Anselm Joseph McLaurin ~ b. 1848, thirty-second Governor of Mississippi (1896-1900), was the grandson of a Scot.17

Harriet McLaury ~ Mother Walter Peter McGibbon.11

Ronald Mclean ~ A descendant of 18th century Scottish immigrants, and the former mayor of La Paz, the principal city and de facto capital of Bolivia, is presently that country's foreign minister.14

A. B. McLean ~ clothing, Randolph street, entire loss of stock in the Chicago fire.

Alexander McLean ~ Glasgow. Appointed in the first term of Gov. Cullom a member of the Board of Trustees to the Univ of IL. Son of Hector and Catherine McMillan McLean and came to the US in 1849. He was a Presidential elector in 1876.6

Andrew McLean ~ Renton, Dunbartonshire, arrived in the US in 1863. He immediately enlisted for war service. He is remembered as founder and editor of the influential Brooklyn Citizen, as a strong supporter of the Democratic cause and a brilliant after ~ dinner speaker.1

Andrew McLean ~ born in Renton, Dumbartonshire, in 1848, is editor-in-chief of the Brooklyn Citizen, which under his guidance has become an influential paper.17

Charles Forrest McLean ~ lawyer; b. Saupun, Wis., Apr. 5, 1873; s. Charles A. and Emma (Forrest) McLean; related through mother to former ducal house of Perth, Scotland (restored as earldom), and to foreign titles of same family; ed. first by Tutor and in private school; grad. Douglas (public) school, Chicago, 1887; grad. Shattuck School, Faribault, Minn., 1890; then in Williams College, class of 1893; Northwestern Univ. Law School, LL.B., 1894. Admitted to Illinois bar, 1894, and later to bars of U. S. District and Circuit courts and U. S. Court of Appeals. Employed in law office of Frank P. Leffingwell for four years, then formed firm of Williams and McLean, of which is still a mem.; firm engaged in general practice of law, but has given especial attention to corporation law, and has organized many corporations; dir. and counsel the Kitro Grape Fruit Co., Chicago Gas and Oil co.; sec. and counsel the Wood Distillates and Fibre Co.; counsel Grover Cleveland Gas and Oil Co., L. A. Becker Co., Dispenser Publishing Co., Louisiana Land and Oil Co., Limited, and various other corporations. Republican. Mem. Plymouth Congregational Church. Held potential commission in Minnesota N.G.; was offered commission in USA 1898. Mem. Delta Kappa Epsilon (college fraternity) and Phi Delta Phi (legal fraternity). Clubs: Calumet, Delta Kappa Epsilon. Office: Assn. Bldg. Residence: 3143 Calumet Av.

Duncan McLean ~ Brother of John and Alexander. Judge in Idaho.6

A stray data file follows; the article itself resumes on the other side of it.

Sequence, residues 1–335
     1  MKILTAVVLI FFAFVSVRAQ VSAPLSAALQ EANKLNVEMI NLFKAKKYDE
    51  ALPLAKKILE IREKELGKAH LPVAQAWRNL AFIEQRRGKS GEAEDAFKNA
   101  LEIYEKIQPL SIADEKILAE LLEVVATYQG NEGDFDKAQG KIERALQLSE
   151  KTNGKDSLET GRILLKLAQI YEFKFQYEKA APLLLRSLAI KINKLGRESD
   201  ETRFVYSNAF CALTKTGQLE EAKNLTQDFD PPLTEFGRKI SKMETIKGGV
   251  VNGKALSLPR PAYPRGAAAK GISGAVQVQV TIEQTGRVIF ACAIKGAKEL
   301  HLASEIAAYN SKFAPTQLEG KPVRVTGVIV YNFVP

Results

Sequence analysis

Gaven McLean ~ Died October 17, 1896; buried Rosehill, Section E, Chicago, IL by the Illinois St. Andrew Society.

George Payne McLean ~ forty-first Governor of Connecticut (1901-03), was of Scottish descent.17

James Henry McLean ~ 1829-86, physician and Member of Congress, was born in Scotland.17

Jane Adams McLean ~ Wife of James Graham.4

John McLean ~ 1785-1861, Associate Justice, is noticed under Scots in the Presidential Cabinet.17

John McLean ~ Brother of Alexander, active in public affairs.6

John McLean ~ 1771-1814, born in Glasgow, became Professor of Chemistry in Princeton (1775) and later Professor of Natural Philosophy and Chemistry in William and Mary College, Williamsburg, Virginia.17

John McLean ~ 1759-1823, merchant and philanthropist, was founder of McLean Asylum for Insane at Somerville, Massachusetts.17

John McLean ~ b. 1771 ~ son of John McLean became President of Princeton.17

Malcolm McLean ~ Invented the modern system of shipping in sealed containers in the mid-20th century. It has completely changed world commerce, dramatically lowering freight costs and transforming the appearance of ports all over the world. He was the son of a farmer and mail carrier. He started McLean Trucking with a $120 secondhand truck in 1934 and ended up owning the largest private plantation in the U.S. Situated in eastern North Carolina, it contained 360,000 acres which is almost 600 square miles.14

Nathaniel McLean ~ Major and brother of John McLean, one of the Justices of the Supreme Court of the United States, was one of the first publishers in Minnesota (1849, the same year in which printing was introduced into the state). The township of McLean, Ramsey county, was named in honor of him.17